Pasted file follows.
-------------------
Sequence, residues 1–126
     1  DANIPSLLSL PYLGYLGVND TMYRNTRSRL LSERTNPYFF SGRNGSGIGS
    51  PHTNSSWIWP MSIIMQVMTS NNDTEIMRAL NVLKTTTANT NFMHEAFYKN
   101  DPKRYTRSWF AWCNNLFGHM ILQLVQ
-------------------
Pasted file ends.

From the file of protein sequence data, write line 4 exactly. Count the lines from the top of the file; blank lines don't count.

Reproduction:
   101  DPKRYTRSWF AWCNNLFGHM ILQLVQ